Adherence to pharmacological interventions in our study upon high or low pain scores, both nonscheduled parts of the pain protocol, was poor as well. Part of these deviations from the protocol were justifiable as reported explanations were mostly related to side effects of morphine. However, explanations for all deviations from the protocol should be recorded in order to uncover pitfalls in the protocol. As patients in whom continuous morphine was stopped earlier than protocolized experienced unacceptable pain significantly more often than patients in whom protocol was not violated (71% versus 33% resp., ), the protocol should be adjusted to suggest alternative analgesics and antiemetic medication for patients suffering from side effects.
In order to prevent side effects of morphine such as respiratory depression, nausea, and vomiting, the protocol dictated that continuous infusion of morphine had to be tapered in patients with no or low pain scores (NRS ≤ 1). This was executed in 10% of required cases. This lack of titrating medication to effect was seen even more extremely in the aforementioned study in 44 ICUs in France  where fentanyl and morphine dosages were not changed during the week. A reason for not tapering continuous morphine at low pain scores could be that nurses took other issues into account than a pain score at a scheduled moment, such as pain while coughing or moving or an upcoming potentially painful procedure. Furthermore, nurses could be reluctant to taper morphine because they were concerned this would alter the comfortable state of the patient. Similar findings are reported for sedatives. In a study by Dodek et al. nurses were more likely to increase sedatives than decrease them . The reason had to do with fear of agitation when sedation was lowered too much and depended on physician availability and other organizational features. In order to improve adherence to pain management guidelines, Ista et al. recommended interactive education sessions, involving local champions and giving feedback on individual or unit level to increase the intrinsic motivation of professionals. Finally, in the current study, the patient data monitoring system did not remind nurses that morphine may be tapered when low pain scores were recorded.
A computerized version of a guideline was reported to significantly improve timeliness of measurements compared with a paper-based version in glucose level regulation for critically ill patients . Another study showed that an electronic visual feedback tool to monitor adherence to quality indicators in intensive care medicine significantly increased adherence rates for pain and delirium monitoring and implementation of the weaning protocol , even though feedback on performed pain and delirium monitoring was not immediately available to medical staff, but with a delay of 24 hours. Feedback upon recorded pain scores to adjust analgesia via automated reminders, such as a red flag for extra pain assessment shortly after an unacceptable high pain score or a request to record the reason for protocol violation, may improve protocol adherence.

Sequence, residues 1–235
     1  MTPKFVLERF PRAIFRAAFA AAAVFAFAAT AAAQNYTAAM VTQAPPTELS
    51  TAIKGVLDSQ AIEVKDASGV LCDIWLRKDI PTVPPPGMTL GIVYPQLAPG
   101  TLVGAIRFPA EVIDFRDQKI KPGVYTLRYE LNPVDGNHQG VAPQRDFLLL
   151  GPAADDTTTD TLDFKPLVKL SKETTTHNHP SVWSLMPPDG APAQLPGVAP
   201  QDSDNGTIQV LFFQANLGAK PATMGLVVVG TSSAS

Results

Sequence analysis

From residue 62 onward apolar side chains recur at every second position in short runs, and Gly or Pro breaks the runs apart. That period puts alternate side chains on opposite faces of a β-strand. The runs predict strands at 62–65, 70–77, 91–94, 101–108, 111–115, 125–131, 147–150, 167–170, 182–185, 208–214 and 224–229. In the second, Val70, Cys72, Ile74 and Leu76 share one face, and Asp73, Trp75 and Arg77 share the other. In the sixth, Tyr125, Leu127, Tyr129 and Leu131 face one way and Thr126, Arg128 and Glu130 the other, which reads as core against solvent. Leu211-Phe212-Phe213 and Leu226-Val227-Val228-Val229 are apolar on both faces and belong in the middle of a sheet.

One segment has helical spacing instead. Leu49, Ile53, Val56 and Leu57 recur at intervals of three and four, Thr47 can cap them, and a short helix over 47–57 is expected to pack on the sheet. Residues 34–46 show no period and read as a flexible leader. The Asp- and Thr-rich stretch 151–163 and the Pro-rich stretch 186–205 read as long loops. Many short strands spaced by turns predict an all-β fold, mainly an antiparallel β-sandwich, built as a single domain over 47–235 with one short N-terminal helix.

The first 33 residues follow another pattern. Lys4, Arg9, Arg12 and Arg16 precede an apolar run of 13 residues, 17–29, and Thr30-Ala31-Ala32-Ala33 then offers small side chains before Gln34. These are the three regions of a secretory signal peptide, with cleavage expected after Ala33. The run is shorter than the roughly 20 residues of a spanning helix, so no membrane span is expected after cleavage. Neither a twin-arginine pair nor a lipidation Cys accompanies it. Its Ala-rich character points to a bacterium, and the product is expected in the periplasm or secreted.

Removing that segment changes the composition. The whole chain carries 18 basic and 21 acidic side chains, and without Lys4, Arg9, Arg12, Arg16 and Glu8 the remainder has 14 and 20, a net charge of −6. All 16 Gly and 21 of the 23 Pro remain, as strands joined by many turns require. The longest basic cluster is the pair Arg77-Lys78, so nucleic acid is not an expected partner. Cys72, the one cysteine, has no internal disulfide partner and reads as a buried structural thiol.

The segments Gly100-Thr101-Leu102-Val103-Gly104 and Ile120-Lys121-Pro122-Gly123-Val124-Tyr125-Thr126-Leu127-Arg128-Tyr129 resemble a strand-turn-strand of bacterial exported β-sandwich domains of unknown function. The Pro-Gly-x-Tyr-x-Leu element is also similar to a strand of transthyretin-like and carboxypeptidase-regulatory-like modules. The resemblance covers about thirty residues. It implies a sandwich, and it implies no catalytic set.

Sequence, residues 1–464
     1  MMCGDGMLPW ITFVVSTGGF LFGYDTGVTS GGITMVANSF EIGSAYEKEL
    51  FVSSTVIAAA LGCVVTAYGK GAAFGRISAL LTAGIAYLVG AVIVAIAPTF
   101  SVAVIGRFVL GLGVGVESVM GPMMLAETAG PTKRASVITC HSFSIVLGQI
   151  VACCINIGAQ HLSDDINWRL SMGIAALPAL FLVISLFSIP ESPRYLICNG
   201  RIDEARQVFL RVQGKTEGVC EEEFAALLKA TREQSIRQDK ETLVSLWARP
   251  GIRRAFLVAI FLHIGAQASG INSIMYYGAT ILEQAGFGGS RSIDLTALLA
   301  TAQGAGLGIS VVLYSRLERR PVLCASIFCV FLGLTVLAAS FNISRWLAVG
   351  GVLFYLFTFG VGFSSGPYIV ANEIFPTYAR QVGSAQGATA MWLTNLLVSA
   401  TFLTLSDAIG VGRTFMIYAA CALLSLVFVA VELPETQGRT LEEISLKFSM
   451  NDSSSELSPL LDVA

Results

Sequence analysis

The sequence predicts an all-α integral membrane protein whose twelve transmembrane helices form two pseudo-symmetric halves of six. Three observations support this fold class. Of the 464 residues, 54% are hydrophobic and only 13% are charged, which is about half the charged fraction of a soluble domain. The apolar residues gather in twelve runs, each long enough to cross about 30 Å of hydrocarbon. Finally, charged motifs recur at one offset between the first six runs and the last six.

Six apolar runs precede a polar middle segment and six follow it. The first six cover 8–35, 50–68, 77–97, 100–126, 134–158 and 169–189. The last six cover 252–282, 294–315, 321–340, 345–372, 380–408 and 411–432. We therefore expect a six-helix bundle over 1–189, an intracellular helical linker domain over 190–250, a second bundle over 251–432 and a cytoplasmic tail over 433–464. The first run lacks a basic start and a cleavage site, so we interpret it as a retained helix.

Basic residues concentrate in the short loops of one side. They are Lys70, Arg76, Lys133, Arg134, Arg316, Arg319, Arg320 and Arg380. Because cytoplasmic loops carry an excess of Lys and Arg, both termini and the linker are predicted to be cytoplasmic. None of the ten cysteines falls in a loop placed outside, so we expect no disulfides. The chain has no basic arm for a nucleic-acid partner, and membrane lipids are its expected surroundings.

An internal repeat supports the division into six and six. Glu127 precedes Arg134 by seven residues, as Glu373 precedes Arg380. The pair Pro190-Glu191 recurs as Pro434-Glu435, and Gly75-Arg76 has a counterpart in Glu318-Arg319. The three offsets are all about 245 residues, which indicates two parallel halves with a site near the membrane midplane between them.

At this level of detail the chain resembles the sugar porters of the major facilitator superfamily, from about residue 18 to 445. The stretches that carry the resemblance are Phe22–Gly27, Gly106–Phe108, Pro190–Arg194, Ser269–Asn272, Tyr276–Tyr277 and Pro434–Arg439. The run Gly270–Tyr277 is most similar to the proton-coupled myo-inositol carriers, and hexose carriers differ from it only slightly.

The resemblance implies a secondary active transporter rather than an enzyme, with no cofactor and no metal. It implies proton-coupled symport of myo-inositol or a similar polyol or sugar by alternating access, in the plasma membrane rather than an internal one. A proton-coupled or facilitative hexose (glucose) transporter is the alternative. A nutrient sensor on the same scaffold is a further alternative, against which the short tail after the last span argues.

Some limitations of this study should be addressed. The fact that patients participated in a clinical trial evaluating pain may have induced a bias; adherence to the pain protocol may have been augmented due to extra reminders of the protocol both by the PDMS and by the researchers as part of the clinical trial. The current pain protocol did not include pain management for procedural pain other than an extra morphine dose before the removal of thoracic drains and/or turning on the morning after surgery . On the other hand, although these procedures are known to be potentially painful, in many ICUs, analgesia for procedural pain is still not part of standard care . Fortunately, pain protocols for procedural pain are recommended and effective to reduce pain and adverse events . The current study did not research an unspoken resistance to the concept of the protocol as explanation for nonadherence to the pain protocol. Franck and Bruce suggested that lack of evidence based improvement in outcome may be an underlying reason for resistance to guideline adherence in pediatric pain management . In ICU patients however improvement in clinical outcome, for example, duration of mechanical ventilation [2, 23, 24], nosocomial infections , and ICU length of stay [23, 24], has been demonstrated after the implementation of pain management protocols and should therefore not be a reason for resistance to a pain protocol.
We conclude that adherence to scheduled pain management was good and overall pain management adequate. Unfortunately, adjustment of continuous infusion of morphine upon pain scores (high and low) and reassessment of pain after unacceptably high pain scores was poor. Better adherence to these items, such as reassessments and adjustment of morphine upon low and high pain scores, may further improve pain management and reduce side effects.
The authors declare that they have no competing interests.
The authors thank Ko Hagoort for editing the manuscript.